So taking a good history, it turns out that his father died. He had to leave his career and take over the family business and his mother was a bipolar woman who was creating havoc. His wife developed fibromyalgia, chronic fatigue. She has been sexually abused when she was young. She became unemployed. You can see the world came crashing down around him.
And he started getting interested in oral reading. And so he went to his internist. He’s having reflex. They put him on Prilosec. And that was a year before. Prilosec inhibits the absorption of B12. B12 deficiency can cause any kind of psychiatric, neuropsychiatric syndrome.
So it took me a year to convince him to do a work up believe it or not. Finally he did and sure enough he was deficient and I gave him injections of B12. And it was just a matter of few weeks and he was completely better.
So that’s a digestive issue, which obviously is connected to stress and his ability to absorb B12, but of course, it could be breaking down proteins and absorbing the proteins or breaking down into fats. You can have bacterial overgrowth of the small intestine, which impairs the absorption of B12 or you can have other problems or infectious agents, et cetera. So that’s just the little overview of the digestion, but the digestion is critical to have the basic building blocks of neurotransmitters and healthy molecular mediators, et cetera. So now, it would be digestion.
The immune system, I take special interest in immune system. The immune system plays a big role in mental health. And just to give you an example of that, I have a family that I have been treating. I started treating my grandfather and then I treated the father of this girl that I saw. She was 14. She came in. She was a star athlete and a straight A student, sweetest girl. And she came in and she had deteriorated intellectual function, academic function and social function over the course of a year. It turned out she had Lyme disease.
So I gave her Minocycline because it penetrates the blood brain barrier and it has effects within the brain.
Dr. Kara Fitzgerald: It’s actually a good anti-inflammatory.
Dr. Robert Hedaya: Yeah, exactly. And overtime, she improved. Now, what does immune activation do? Obviously lots of things, but when you have a shunting, one of the important things is that if you do have tryptophan in your system, then the tryptophan is not converted as efficiently into serotonin. So you have deficiency of serotonin. You have excess dopamine.
And instead of the tryptophan going down the normal pathway, it gets shunted into the quinolinic acid, kynurenine pathway. Then what you have is the activation of the microglia and astroglia imbalances and you have excited neurotransmitters, glutamates, which cause anxiety.
So that’s just a little piece of what happens when the immune system is activated from whatever the cause is. I mean it could be mold. It could be Lyme infection. It could be from the gut. When the immune system is activated, the brain chemistry changes.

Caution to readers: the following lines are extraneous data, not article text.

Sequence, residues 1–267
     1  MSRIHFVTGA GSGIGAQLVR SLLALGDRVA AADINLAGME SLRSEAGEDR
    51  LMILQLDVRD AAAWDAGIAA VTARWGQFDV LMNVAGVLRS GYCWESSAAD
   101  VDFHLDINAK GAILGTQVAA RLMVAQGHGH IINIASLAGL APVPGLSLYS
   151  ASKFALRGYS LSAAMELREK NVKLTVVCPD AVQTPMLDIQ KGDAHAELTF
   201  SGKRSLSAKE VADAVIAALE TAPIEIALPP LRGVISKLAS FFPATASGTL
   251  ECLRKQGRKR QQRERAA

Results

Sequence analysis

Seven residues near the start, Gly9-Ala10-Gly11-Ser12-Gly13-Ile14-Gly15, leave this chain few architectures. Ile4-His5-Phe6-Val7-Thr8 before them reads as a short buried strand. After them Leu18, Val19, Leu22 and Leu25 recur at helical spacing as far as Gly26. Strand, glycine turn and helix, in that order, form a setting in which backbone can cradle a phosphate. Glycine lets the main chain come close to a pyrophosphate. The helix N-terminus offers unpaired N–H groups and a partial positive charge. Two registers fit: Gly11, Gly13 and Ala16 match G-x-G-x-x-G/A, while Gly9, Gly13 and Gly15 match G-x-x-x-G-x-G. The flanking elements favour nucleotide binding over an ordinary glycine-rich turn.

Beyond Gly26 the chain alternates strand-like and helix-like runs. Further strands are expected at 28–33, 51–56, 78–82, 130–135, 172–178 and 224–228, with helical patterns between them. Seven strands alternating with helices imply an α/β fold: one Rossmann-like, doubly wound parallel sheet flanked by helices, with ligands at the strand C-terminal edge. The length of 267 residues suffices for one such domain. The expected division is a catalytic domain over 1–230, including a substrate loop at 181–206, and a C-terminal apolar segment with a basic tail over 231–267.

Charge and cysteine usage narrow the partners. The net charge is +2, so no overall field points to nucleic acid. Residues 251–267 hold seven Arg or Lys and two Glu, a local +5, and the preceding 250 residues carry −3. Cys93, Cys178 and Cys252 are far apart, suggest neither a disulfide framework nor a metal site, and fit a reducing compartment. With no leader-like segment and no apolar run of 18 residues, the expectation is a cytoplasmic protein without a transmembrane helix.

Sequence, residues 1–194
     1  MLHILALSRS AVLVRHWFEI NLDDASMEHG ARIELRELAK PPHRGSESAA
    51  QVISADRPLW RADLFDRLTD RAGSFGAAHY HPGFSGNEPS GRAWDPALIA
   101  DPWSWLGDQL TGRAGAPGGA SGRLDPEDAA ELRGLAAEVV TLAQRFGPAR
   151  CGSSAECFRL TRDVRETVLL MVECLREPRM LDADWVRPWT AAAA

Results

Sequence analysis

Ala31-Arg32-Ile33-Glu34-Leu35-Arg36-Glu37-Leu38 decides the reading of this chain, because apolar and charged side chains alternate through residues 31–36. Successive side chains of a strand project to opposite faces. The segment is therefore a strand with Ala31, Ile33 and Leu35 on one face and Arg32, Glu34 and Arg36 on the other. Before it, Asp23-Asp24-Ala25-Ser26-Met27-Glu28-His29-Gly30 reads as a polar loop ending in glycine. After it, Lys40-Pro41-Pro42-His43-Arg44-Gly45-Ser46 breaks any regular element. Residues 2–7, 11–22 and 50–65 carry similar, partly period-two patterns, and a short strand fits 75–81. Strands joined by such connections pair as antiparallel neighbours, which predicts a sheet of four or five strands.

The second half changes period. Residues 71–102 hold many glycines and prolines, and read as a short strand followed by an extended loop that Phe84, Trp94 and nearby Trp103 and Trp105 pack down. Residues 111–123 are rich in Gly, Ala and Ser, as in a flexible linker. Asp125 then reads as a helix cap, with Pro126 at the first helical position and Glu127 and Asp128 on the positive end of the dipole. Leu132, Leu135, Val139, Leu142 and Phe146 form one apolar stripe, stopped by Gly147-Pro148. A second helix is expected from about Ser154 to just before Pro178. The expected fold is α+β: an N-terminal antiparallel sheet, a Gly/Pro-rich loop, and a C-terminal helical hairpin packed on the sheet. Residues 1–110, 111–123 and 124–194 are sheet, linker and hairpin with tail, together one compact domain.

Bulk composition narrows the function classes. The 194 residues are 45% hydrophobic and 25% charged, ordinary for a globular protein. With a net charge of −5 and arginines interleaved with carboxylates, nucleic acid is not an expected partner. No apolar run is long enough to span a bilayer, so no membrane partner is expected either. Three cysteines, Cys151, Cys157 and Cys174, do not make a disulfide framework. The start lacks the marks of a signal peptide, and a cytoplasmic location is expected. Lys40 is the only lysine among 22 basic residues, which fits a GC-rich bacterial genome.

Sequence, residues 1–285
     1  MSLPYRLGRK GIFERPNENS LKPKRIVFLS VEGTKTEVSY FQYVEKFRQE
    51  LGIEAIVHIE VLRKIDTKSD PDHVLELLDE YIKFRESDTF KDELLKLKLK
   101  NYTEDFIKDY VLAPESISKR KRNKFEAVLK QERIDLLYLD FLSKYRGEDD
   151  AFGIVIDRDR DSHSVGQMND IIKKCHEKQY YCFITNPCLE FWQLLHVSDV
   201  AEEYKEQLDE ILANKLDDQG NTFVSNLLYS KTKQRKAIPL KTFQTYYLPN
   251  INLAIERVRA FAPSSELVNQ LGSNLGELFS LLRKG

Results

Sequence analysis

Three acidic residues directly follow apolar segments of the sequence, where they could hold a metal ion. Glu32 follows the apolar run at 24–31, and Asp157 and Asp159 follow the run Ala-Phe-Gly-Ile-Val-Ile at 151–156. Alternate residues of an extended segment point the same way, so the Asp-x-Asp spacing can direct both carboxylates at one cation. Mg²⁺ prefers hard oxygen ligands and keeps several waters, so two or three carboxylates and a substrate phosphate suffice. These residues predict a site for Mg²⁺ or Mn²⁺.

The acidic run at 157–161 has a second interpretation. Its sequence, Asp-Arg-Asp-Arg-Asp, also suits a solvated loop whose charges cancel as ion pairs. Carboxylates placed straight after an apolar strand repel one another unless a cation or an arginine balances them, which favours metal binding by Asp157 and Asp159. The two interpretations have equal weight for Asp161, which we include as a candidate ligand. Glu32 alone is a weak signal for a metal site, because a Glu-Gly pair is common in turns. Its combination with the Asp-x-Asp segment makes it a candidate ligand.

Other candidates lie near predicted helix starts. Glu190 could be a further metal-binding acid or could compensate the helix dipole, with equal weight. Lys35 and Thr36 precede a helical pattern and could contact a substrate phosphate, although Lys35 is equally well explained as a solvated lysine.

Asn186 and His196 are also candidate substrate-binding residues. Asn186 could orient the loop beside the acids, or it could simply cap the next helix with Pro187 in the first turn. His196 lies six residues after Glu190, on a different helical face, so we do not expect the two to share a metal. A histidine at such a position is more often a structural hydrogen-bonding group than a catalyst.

Dr. Kara Fitzgerald: That’s a huge statement. I want to say it again because it’s huge. So when the immune system is activated, the brain chemistry changes.
Dr. Robert Hedaya: That’s right.
Dr. Kara Fitzgerald: So you’re…
Dr. Robert Hedaya: And the important thing here is it’s in anywhere in the body because there are four pathways known. Maybe there are more now, but the last time I checked, there were four pathways known by which peripheral body infection, inflammation causes changes in brain neurochemistry. That is clearly going in places, into PANDAS, which if you want to talk about it, we can.
Dr. Kara Fitzgerald: You can briefly. Just briefly touch on it.
Dr. Robert Hedaya: PANDAS is a situation where children become exposed to strep and what happens is the immune system reads the strep and reacts and creates antibodies against the certain protein and the streptoccocal bacteria and it happens to cross-react with proteins and certain parts of the brain and these proteins attack those parts of the brain, which happened to be involved in, for example, cingulated gyrus. These are parts of the brain that are involved with OCD.
So you can have a child who could be fine today, gets a strep infection this afternoon and in two or three days, they come into a case of severe OCD. And if they do plasmapheresis, clearing the blood of these antibodies, then the OCD clears up. It’s really remarkable.
So that tells us again another example of how the immune system is critical in brain function and mental function. I can’t emphasize that enough to listeners that that is critical when dealing with mental health issues.
Dr. Kara Fitzgerald: Thank you so much. It’s such an important point. And I just want to point out that they’ve implicated a number of infectious triggers for this whole presentation of OCD actually. I think Lyme is one of them, correct?
Dr. Robert Hedaya: Lyme is one of them. I’ll give you another case, which I think is a fascinating case. This guy came to me. He was 18 years old. And he was actually going to be going to Princeton, but he had this severe case of OCD. So he didn’t want to take meds or do any therapy. So his parents brought him to me.